half-assed knit blog
half-assed knit blog
half-assed knit blog

Can’t sleep, chart’ll eat me…

My completely unnecessary yarn order arrived yesterday. I guess I’m officially a stasher now. Is there an initiation rite to the Order of the Stash? Does it hurt? Does it involve The Paddling of the Swollen Ass… With Paddles?

The Euroflax is definitely brown, not red. But it’s a really pretty shade of brown, so I’m not too disappointed. I’d say that it seems to have a rosy glow from within, except that I’d clearly be insane. It’s yarn. It doesn’t glow. I’m just trying to convince myself that I don’t mind that it isn’t red, because it’s MAGIC GLOWING YARN. Which it isn’t. Shut up, brain. But it sure is purty.


And then there’s the Plymouth Royal Bamboo, which is a strange little yarn. It’s very soft and quite nice to look at, but it has sort of a flimsy, cheap feel to it. I’m not sure how well it’s going to hold up to the mess of cables and lace I plan to put it through.

What mess, you ask? Well, this mess:


Guess what: I know nothing about charts. I have used one chart, ever, in my knitting life – a cable chart for Rusted Root. I certainly don’t know how to chart things myself. So of course it seemed like a brilliant idea to chart an improvised headband design full of cables and lace and weird slip stitch edgings as my very first chart attempt. What could possibly go wrong?

Ha. I thought, oh, this will be a piece of cake. I just download a knitting symbols font, find a site with knitting symbol standards, and I’m set. Except, there are no knitting symbol standards. Apparently I could use a Hamburglar for knits, and a stack of blueberry pancakes for purls, and as long as I include a legend identifying those symbols, I’m good.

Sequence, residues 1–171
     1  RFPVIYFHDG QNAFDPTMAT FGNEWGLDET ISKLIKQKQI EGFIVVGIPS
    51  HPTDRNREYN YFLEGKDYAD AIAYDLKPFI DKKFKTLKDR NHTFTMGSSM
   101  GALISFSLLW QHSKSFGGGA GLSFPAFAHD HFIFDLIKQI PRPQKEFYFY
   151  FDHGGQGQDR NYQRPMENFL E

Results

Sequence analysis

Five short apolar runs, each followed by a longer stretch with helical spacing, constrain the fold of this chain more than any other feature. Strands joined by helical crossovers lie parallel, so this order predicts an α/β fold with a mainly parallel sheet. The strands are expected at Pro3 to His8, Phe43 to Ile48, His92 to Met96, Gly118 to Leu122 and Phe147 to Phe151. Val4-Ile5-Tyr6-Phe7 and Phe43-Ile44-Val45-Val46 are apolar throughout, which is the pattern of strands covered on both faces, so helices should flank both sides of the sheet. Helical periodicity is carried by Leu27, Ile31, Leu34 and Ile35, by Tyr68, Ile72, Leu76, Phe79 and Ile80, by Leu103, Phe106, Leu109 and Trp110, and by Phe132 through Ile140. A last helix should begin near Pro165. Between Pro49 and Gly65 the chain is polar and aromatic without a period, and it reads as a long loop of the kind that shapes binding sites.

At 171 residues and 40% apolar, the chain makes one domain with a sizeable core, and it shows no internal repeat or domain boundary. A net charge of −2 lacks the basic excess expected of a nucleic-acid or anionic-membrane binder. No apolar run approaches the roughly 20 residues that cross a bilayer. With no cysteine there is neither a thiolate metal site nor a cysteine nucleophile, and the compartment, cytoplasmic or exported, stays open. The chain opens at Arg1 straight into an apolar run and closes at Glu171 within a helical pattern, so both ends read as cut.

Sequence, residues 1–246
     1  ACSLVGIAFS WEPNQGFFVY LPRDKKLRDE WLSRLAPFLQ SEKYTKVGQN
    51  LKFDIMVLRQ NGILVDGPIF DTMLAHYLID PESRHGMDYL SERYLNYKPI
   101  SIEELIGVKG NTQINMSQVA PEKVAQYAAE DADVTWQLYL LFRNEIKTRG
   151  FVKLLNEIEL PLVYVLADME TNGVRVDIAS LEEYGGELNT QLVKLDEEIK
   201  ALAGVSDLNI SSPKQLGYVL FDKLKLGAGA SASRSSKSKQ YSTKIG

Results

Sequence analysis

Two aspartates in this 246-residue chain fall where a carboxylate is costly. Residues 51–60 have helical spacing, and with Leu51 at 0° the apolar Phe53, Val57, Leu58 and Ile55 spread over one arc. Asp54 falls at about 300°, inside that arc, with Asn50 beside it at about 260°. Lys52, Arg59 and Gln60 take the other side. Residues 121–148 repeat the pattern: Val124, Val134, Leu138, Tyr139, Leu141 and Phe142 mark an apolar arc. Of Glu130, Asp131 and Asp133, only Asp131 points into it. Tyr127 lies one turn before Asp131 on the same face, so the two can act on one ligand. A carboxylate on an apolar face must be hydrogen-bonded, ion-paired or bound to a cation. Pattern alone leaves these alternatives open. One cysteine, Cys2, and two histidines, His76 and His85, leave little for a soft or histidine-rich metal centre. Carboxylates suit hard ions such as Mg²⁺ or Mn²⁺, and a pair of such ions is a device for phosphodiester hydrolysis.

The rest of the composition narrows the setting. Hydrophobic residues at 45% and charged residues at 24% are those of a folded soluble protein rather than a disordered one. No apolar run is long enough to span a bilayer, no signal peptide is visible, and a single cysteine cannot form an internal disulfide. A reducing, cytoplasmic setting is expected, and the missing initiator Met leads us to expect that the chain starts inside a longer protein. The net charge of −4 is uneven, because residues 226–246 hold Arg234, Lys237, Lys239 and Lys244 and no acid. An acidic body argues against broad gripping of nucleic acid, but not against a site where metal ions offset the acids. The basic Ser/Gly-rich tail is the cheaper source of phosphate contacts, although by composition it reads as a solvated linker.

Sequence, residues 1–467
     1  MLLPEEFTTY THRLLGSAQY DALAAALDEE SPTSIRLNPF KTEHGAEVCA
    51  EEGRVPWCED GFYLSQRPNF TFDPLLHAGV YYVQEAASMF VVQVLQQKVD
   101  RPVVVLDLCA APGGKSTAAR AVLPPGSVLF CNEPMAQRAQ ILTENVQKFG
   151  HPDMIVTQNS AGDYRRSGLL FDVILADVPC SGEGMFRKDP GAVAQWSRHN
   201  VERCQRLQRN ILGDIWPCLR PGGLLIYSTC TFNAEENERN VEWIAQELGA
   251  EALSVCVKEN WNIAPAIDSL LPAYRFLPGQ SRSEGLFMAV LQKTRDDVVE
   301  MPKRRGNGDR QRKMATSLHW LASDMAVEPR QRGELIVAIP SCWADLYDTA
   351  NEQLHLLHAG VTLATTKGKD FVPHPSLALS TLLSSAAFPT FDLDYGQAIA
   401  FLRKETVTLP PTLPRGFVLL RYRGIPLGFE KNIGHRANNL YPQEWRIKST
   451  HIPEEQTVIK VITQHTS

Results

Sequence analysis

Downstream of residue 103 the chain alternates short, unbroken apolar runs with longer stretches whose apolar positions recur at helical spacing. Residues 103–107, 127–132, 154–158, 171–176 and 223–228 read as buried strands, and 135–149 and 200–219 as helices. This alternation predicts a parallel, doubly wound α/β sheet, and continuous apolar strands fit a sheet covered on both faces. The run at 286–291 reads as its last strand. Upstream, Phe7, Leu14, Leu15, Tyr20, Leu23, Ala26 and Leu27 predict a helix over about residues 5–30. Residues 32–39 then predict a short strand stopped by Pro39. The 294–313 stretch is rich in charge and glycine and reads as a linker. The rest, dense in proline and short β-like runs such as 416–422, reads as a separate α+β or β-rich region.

And then there’s the less-silly-making-but-equally-irritating problem of charting permanent increases/decreases (ie. not the lace-kind that are eventually evened out with decreases/increases) that aren’t on the edges of the chart. Do I use blank squares, or do I just allow rows not to line up right once in a while? I went for the latter, as you can probably tell, because it seemed ridiculous to have a chart that looked like a rectangle when the actual knitted object would be squished skinny at both ends. But isn’t the whole point of charts that stitches should line up? Aaarrrrrgh. No, the whole point of charts is to make me very angry. Now I know.

I do want to write up this pattern, assuming that the FO doesn’t look like ass – sorry, bamboo-based ass substitute – so I will have to get the chart sorted out somehow. I’ll write up line-by-line instructions but honestly visual instructions are going to be much easier to follow. Or they would, if they were charted by somebody who knows what they’re doing.



  1. Glenna C says:

    Ooh, charts! I have been wanting to know how to make charts. It seems like a secret and mystical thing. If you figure it out I’d be thrilled to learn, too!

  2. Rivka says:

    From my chart experience (which is not especially sophisticated), make a square/rectangle and the width should be the number of stitches when your stitch count is the biggest and for the rows that are not that wide, put a blank square on the ends. That didn’t make any sense did it?

    P.S. I just finished a cabled top with Royal Bamboo and I loved how the cables looked with the yarn. Good luck!

  3. Mae says:

    I ventured into Romni Wools for the first time yesterday.
    I felt up your Romni Wools’ silk and it was luscious.
    I 100% understand what you mean now about overwhelming… I fled out of there after a mere 10 minutes!